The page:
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Gaza Flotilla Journalist Ban Dropped By Israel

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The Israeli navy raided the Turkish ship Mavi Marmara, which was part of a flotilla of aid ships bound for Gaza, last year. | Getty

JERUSALEM (AP) – The Israeli government on Monday dropped a threat to issue lengthy deportation orders against journalists aboard a Gaza-bound flotilla, in an attempt to scale back a crisis with the international media.

On Sunday, Israel's Government Press Office sent a letter warning that any journalist caught on board the flotilla would be violating Israeli entry laws and could face deportation and a 10-year ban from the country.

The warning sparked an outcry from foreign journalists and was fiercely debated in Israeli media.

Prime Minister Benjamin Netanyahu said that after the issue was brought to his attention he ordered authorities not to apply the regular measures taken against infiltrators and to find a formula for the reporters intending to take part in a flotilla that violates Israel's entry laws.

He did not provide any details — only that an exception will be made for the journalists on board.

"In parallel, it was agreed that Israeli and international journalists join the navy ships in order to create transparency and reliable coverage of the events," his office said in a statement.

The Foreign Press Association, which represents hundreds of journalists working for international news organizations in Israel and the Palestinian territories, had sharply condemned Israel's original threat, saying they should be allowed to cover a legitimate news story.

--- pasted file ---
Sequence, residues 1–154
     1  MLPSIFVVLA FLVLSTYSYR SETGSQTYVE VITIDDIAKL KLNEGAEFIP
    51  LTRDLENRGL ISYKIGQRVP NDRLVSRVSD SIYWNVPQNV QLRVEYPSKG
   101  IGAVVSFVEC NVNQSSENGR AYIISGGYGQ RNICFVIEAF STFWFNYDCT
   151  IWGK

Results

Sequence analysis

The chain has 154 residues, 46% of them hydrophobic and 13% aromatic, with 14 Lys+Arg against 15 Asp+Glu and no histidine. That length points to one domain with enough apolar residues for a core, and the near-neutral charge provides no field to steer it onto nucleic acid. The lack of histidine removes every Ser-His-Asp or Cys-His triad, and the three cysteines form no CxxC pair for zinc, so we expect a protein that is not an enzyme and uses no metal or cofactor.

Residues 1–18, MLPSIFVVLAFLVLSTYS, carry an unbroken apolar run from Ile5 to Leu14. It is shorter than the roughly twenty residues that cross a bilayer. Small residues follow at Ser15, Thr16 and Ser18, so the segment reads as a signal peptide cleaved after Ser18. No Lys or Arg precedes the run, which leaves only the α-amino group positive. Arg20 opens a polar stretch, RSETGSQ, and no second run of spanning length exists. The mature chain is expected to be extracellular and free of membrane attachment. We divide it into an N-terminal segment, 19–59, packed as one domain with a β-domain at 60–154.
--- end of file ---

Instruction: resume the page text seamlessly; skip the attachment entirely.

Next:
"The government's threat to punish journalists covering the Gaza flotilla sends a chilling message to the international media and raises serious questions about Israel's commitment to freedom of the press," it said in a statement.

The Israeli warning highlighted an already strained relationship with the international media and reflected Israeli jitters over the flotilla, which comes just more than a year after a similar mission ended in the deaths of nine Turkish activists in clashes with Israeli naval commandos.

Israel is eager to avoid a repeat of last year's raid, which drew heavy international condemnation and ultimately forced Israel to ease its blockade on Hamas-controlled Gaza. Israel says the embargo is needed to prevent Hamas from smuggling weapons into the territory.

Israel said media on board the flotilla would be complicit in an illegal breach of its naval blockade of Gaza.

Netanyahu spokesman Mark Regev said an exception would be made for journalists.

"The first decision was taken at a lower working bureaucratic level but when the issue went to the top, the prime minister made a decision that he thought would serve the country's interests," he said.

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